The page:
Throughout his career, he has consistently emphasized public education and other programs for children. Chairman emeritus of the State Board of Education, Kirk serves on numerous other boards including the Public School Forum of North Carolina and the N.C. Center for the Advancement of Teaching Foundation. He also has received two statewide "Friends of Education" awards from the Professional Educators of North Carolina and the I.E. Ready Award, the top award given by the North Carolina Community College System. He was recently named vice president for external affairs effective July 1, at his alma mater, Catawba College, where he has served as a trustee.
Other 2006 recipients include:
Camp Special Time, Camp Lejeune Marine Corps Base, honoring Ms. Wanda Bass, RN, and Ms. Angie West, RN, of Wilmington, Medicine — These pediatric nurses at New Hanover Regional Medical Center in Wilmington had a vision to help military families with special needs children, giving the children a fun night away from home and their parents a needed respite.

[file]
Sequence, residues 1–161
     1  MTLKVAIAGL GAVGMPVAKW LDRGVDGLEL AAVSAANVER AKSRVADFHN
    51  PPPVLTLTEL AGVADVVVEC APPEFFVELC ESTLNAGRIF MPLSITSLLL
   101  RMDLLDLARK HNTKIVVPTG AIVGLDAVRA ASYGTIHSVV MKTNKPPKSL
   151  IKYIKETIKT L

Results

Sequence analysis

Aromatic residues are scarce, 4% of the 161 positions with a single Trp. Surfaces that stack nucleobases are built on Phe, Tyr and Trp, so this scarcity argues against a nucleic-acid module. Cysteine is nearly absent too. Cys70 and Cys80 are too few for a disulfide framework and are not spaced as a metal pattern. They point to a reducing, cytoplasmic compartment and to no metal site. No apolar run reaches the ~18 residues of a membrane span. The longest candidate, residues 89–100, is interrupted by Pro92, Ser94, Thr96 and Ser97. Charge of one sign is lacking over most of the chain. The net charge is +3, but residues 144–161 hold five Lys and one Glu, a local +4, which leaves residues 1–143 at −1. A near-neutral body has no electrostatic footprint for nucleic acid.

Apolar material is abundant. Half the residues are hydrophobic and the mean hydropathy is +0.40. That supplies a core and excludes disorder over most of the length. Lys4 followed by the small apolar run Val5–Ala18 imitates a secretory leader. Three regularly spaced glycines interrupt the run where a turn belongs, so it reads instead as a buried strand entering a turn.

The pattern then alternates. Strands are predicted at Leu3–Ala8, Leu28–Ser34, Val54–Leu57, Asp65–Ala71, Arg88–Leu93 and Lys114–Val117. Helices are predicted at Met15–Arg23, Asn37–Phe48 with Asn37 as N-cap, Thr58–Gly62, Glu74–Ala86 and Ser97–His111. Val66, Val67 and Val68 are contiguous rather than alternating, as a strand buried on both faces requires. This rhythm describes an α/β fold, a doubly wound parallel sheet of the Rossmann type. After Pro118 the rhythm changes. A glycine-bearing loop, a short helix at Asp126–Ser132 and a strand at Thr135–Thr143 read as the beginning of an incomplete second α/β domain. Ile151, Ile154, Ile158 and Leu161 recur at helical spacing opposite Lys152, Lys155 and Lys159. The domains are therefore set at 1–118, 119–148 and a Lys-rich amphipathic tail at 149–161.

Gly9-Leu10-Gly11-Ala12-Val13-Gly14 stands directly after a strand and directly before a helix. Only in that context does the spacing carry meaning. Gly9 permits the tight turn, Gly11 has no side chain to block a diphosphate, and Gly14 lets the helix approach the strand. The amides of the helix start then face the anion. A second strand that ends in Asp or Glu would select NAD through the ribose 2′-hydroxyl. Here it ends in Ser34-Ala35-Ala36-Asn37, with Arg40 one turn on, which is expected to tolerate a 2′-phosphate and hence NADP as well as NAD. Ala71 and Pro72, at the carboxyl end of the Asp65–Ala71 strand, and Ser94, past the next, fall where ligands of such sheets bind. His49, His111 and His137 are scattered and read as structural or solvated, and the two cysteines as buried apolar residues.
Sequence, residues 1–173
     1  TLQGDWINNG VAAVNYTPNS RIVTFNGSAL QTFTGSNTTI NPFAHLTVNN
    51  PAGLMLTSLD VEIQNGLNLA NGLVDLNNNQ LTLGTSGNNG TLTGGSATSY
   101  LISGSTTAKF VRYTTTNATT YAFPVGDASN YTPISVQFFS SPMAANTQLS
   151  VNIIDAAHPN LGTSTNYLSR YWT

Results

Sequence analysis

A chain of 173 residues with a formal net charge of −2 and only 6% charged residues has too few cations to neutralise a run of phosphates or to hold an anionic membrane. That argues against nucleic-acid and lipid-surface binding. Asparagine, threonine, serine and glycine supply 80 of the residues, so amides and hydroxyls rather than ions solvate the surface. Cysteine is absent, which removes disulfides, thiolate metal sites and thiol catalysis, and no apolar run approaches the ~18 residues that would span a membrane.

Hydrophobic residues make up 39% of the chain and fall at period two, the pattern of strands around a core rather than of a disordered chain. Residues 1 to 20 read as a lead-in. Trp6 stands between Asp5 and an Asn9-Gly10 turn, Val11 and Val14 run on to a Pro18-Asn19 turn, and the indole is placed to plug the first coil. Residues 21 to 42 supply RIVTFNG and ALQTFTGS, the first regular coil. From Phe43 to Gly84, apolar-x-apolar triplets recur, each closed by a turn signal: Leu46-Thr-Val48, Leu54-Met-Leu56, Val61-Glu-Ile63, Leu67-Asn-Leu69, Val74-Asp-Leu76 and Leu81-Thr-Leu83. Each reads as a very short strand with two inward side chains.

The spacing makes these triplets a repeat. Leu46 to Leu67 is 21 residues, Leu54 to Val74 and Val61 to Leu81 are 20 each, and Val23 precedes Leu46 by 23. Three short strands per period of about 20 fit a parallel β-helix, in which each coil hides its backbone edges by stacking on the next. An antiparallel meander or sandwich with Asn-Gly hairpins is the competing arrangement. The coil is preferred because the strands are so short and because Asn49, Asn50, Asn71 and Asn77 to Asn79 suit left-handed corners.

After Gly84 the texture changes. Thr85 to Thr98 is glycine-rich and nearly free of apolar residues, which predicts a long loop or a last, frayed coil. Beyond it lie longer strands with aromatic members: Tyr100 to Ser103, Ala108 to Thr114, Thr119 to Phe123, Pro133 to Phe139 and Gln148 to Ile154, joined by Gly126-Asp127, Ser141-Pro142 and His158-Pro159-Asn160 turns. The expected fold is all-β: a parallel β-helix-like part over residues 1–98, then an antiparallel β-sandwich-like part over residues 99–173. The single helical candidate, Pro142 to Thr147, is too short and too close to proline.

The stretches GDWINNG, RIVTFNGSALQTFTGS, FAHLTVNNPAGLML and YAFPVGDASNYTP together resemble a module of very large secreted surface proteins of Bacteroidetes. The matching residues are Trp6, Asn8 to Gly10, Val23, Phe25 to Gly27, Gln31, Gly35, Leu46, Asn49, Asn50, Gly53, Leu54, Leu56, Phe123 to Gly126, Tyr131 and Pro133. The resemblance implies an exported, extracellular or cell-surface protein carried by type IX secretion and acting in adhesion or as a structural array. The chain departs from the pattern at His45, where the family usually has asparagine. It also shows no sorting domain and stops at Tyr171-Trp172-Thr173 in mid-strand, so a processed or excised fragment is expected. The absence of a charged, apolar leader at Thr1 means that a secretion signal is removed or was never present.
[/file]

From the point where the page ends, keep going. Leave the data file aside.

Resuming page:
Working with faculty and staff in the Exceptional Family Member Program at Camp Lejeune Marine Corps Base, UNCW and Cape Fear Community College, West and Bass created Camp Special Time, a free overnight care program. Since the first weekend session was held in April 2003, more than 100 children have attended the camp.
Bass and West recruit, train and schedule all of the volunteers, nearly 100 per camp session. Many of the volunteers are students in nursing and recreational/occupational therapy from UNCW and Cape Fear Community College, who gain first-hand knowledge of the physical, emotional, behavioral and clinical needs of special needs children.